Startup: Paddle Sports and Hiking Expo

A group of us want to start a local Expo in our small town. It will be geared toward kayaking and hiking in our area. We have use of an event center and we’re looking for vendors, information booths, and sponsors. Has anybody tried to do this? If so i’m asking for advice on building excitement in my community.
Florence, OR.

If there is a club or community around these activities, you could always start with a swap meet type thing. Also invite local retailers and other related companies (tour companies and the like) to display.

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I used to work in the wilderness sports biz and still have friends who own an independent shop (including kayaks and running a kayak and SUP riverside rental concession during the summer). So I’ve been involved in expos like you are describing. Looking at the map, you look to be pretty far from major metro areas, so I wonder what sort of turn out you might expect having that located in your town. You might want to start by talking to Oregon Paddle Sports in Eugene and see what they might suggest. Outfitters and manufacturers are usually pretty receptive to having a public venue to increase awareness of the sports they provide for and to give them free marketing exposure. But there has to be sufficient attendee traffic for these things to be worth their time and expense.

Good luck to you. It’s a worthy endeavor.

In Lansing Michigan we have what is now the Quiet Adventures Symposium (QAS)( This is happening this Saturday (March 2, 2024) at an Agricultural Pavilion on the campus of Michigan State University (MSU). This will be the 29th year for this event (including two virtual events during Covid). I’ve been a part of this event in some manner or another since the beginning when it was The Quiet Water Symposium (QWS). For all but 5 years of the event it has been 100% volunteer and is now. For five years there was a small event management business that handled some level of coordination but was responsible to a volunteer board.

  • QWS started small with support from a strong local paddling club (Lansing Oar and Paddle Club (LOAPC)

  • Also support from MSU including initially no charge for the venue

  • Initial focus was on paddling including boating building and trips, watershed groups, and environmental groups. Access to vendors came through these connections as the event grew & changed focus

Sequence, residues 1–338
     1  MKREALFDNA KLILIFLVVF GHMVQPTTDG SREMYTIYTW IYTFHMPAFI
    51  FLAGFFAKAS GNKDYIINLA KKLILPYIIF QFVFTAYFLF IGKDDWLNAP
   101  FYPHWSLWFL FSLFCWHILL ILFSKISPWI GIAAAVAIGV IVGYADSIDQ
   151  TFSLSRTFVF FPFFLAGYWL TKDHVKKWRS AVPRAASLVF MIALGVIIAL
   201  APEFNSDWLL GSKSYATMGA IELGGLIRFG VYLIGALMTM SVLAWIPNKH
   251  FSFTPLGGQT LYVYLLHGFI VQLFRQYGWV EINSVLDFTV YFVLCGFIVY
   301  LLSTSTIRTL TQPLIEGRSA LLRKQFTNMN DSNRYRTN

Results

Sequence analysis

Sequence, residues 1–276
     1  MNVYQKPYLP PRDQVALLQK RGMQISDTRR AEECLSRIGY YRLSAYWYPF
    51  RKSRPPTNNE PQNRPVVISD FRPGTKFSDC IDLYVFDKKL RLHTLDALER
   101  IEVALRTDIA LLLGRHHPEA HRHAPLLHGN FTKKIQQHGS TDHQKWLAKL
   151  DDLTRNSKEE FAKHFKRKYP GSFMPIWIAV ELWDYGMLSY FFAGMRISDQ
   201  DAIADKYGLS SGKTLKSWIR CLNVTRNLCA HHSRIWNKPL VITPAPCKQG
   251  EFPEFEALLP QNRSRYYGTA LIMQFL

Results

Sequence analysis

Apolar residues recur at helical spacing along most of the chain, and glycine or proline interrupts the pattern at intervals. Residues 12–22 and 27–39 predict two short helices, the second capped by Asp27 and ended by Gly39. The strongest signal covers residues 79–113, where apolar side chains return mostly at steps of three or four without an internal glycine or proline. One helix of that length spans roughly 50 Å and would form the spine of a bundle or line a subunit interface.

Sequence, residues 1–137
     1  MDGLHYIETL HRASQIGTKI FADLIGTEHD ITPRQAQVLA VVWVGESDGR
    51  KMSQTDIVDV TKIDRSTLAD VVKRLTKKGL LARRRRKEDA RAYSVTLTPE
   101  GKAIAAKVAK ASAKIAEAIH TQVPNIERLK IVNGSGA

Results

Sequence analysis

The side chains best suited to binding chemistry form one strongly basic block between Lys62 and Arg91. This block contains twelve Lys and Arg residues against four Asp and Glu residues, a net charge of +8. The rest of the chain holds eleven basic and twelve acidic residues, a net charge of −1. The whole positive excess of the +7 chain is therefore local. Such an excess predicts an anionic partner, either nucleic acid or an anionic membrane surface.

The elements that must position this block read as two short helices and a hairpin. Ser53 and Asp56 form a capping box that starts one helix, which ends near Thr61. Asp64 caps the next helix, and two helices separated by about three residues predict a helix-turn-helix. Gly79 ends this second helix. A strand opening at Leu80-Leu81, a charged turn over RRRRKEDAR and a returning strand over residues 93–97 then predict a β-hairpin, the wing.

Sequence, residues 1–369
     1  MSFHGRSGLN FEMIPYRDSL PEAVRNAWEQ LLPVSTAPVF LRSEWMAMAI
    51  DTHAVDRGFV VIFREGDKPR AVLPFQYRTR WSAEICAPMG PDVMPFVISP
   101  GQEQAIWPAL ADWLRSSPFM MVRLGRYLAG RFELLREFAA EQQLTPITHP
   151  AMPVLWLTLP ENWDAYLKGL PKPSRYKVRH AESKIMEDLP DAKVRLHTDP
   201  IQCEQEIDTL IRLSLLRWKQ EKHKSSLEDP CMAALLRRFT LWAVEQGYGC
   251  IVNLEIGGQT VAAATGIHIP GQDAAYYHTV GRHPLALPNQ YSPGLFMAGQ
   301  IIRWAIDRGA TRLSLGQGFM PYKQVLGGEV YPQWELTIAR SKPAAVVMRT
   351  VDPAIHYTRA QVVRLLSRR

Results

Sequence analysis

• We were fortunate to get the local Subaru dealer onboard as a primary sponsor early on. One of the event organizers had connections there.

  • Pull a techie person in early. You will need a website for info and registration early on. Also to deal with various social media. Pull in an AV person too.

  • Put a succession plan in place and expect burnout & conflict. It happens with intense people & you need some type A folks.

That’s a start of some thoughts. Come out to QAS next year. Always (well almost always) the first Saturday in March as the event is a part of Agricultural and Natural Resources Week at MSU


You probably know about Canoecopia in Madison; Darren Bush, who bought Rutabaga Paddlesports about 22 yeas ago, after working there as a long term employee has turned this event into a regional expo and it’s the largest in the US probably the world. Darren is very approachable and interested in keeping outdoor sports and paddling as sustainable businesses. I would contact him a few weeks after the event is over and ask for advice on specific issues.

That being said the audience for such expositions from the paddling point of view is probably dwindling. In San Diego around 2000 -2008 there were two popular symposia and expos for paddling. The businesses that supported these have either disappeared or have shrunk. Now most paddlers of kayaks and canoes pretty much buy rec boats from box stores. My son lives in Portland and from what I have seen over the last 14 years or so the market for kayaks and canoes above the rec-boat level is shrinking pretty fast.

I bought a new pair of nordic skis a few weeks ago from a store that has been in business for about 70 years, it was a slow day and the manager was interested in hearing what things were like here in the 70s and 80s for cross country and back country skiing. He mentioned that this year business is really down as the post pandemic surge in interest for outdoor activities is dropping off as younger people just are not as interested in skiing (expensive), kayaking (expensive) and hiking ( companies try to market high end gear to young folks who don’t have tons of money.)

Thank you for the advice. I like including local retailers for community building.
We’re debating on charging local vendors for booth space vs charging for door entry to the public.

We’re expecting an older turnout to the event. Most of our community are retired but very active. Oregon Paddle Sport is in support and will be attending. they’re our closest contributors. I’m wondering if larger outfitters like REI would be willing to support such a small group like ours.

Thanks for the awesome advice Rich! We also have a local dealership and i will make it a point to contact them for support. what you have started in Lansing is exactly what we’re trying to replicate here.

Great Info on Canoecopia! I would agree the starting market to get into paddle sports is high. One of the reasons for starting this expo is to try and keep that community excitement. I will follow your advice on reaching out to Darren after our event.